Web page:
It’s clear that Russian authorities will persist in their efforts to link Ukraine to the attack. This deduction can be made based on the statements of infamous Kremlin propagandists such as Simonyan, who stated,

So, here’s the thing. This isn’t ISIS. These are Ukrainians. And the fact that even yesterday, before the arrests, before the identities of the perpetrators were known, Western intelligence agencies started trying to convince the population that it was ISIS…”

Despite being confronted with facts, Putin’s recent speech left room for ambiguity regarding the mastermind behind the attack, affording himself flexibility in his narrative.

In the absence of evidence, it’s highly likely that Russia will force the captured prisoners into providing confessions that align with the Russian narrative. This could become an invaluable propaganda tool, especially in a situation where narratives about denazification and demilitarization are starting to fail to resonate with the target audience.

One of the largest and most popular Russian military bloggers, Alexander Kots, initiated a poll on his Telegram channel, which has over half a million subscribers. The question posed was: “The FSB has announced the connection of the terrorist group, which massacred defenseless people, with the Kiev regime. We believe that irrefutable evidence will follow. How will this affect the course of the special military operation?”

The three most popular answers were: “There is no Special Military Operation – Only War,” followed by “There are no more red lines for strikes,” and “Zero tolerance towards diasporas in the rear.

Security of Crocus city hallPoll. Sashakots/Telegram

Needless to say, the terrorism claim adds a new dimension to this war – almost reminiscent of the nearly forgotten Global War on Terrorism, with blurred aims and objectives. Unlike denazification, which may seem too abstract, the fight against terrorism carries recent, emotional weight that can deeply resonate with Putin’s supporters, providing a short but powerful emotional boost.

Crocus City Hall attack: Failure of Russian security or deliberately permited?

Over twenty years ago, upon assuming power, Putin secured popularity by adopting a tough stance against Chechen separatists and making promises to eradicate terrorism. This fostered a social contract between Putin and society: citizens would receive livable conditions and safety in exchange for relinquishing certain freedoms and democratic principles.

Over time, this contract expanded, with Putin increasing his own authority and that of intelligence services and law enforcement, while simultaneously curtailing the liberties and democratic rights of ordinary citizens.

Putin’s annexation of Crimea and involvement with terrorist organizations in Eastern Ukraine received widespread approval among the majority of Russians, including some within opposition circles.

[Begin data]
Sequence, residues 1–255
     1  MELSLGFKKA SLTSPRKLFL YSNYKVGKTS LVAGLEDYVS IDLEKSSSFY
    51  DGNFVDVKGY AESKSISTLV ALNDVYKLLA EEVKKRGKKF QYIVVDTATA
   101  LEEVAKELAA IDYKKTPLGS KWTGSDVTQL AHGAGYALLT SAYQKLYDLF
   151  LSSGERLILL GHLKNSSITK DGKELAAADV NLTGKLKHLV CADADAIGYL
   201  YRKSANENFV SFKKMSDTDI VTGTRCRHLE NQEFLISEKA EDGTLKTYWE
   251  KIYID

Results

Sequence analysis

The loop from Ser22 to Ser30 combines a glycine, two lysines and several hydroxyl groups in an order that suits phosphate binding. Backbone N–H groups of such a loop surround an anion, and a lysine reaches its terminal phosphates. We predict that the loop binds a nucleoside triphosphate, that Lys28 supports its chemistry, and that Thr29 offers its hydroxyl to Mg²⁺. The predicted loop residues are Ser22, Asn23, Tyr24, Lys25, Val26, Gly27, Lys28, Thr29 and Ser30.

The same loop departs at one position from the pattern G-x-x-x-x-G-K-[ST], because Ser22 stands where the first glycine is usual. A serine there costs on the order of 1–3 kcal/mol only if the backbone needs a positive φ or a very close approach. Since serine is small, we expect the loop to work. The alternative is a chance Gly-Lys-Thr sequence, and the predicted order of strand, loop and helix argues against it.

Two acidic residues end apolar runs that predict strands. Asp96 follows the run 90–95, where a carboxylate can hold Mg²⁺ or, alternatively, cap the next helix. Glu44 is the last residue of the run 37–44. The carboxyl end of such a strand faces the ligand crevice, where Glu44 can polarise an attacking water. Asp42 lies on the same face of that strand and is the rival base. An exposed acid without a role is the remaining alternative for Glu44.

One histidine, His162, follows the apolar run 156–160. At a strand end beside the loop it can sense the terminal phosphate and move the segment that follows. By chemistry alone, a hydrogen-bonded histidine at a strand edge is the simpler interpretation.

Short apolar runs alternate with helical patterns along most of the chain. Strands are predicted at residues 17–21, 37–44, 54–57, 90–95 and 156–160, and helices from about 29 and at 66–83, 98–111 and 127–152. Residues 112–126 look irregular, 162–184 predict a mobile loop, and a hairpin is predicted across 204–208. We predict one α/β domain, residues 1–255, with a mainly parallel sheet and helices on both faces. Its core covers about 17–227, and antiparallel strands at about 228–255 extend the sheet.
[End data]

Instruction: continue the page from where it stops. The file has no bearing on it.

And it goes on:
Furthermore, the mass destruction of Syrian cities, framed as an anti-terrorism campaign, found overall support within society, as it did not contravene the prevailing consensus and social agreement between elites, society, and Putin himself.

The events of 22 March highlight Putin’s failure to uphold his promise of security. Despite the formidable law enforcement apparatus, dictatorial powers, and decades-long efforts, the incompetence of the entire system was laid bare by a group of four amateurish terrorists.

They managed to perpetrate an attack in Moscow, amidst the watch of tens of thousands of officers, resulting in the largest loss of life in a single terrorist attack since the 2004 Beslan siege.

Such failure is dangerous as it revealed the true state of Russian internal security, inviting even bolder actions from terrorist groups.

This incident, similarly to the Wagner mutiny, shows the fragility of the Russian system to terrorist threats— a bad omen for Putin and his regime. Unless, of course, this attack was deliberately permitted to occur, potentially to be attributed to Ukraine and exploited to reinvigorate support for certain agendas. While these assumptions require stronger evidence for support, they cannot be entirely ignored.

Regrettably, these facts lead to uncomfortable realizations.

On a larger scale, for Ukraine, it makes little difference whether the terrorist attack was intentionally allowed to happen or arose from systemic issues like corruption, incompetence, and strained resources in Ukraine. The outcome remains the same: Russia will blame Ukraine.

Despite the international community’s rejection of Russia’s unfounded claims and the lack of factual evidence, Russia’s propaganda machine targets internal audiences, fueling further hatred towards Ukraine and Ukrainians. This leaves enthusiastic crowds eagerly calling for revenge — a price that will be paid in the blood of innocent civilians in Ukraine, a tragedy unfolding daily for over two years, and something the world has grown accustomed to.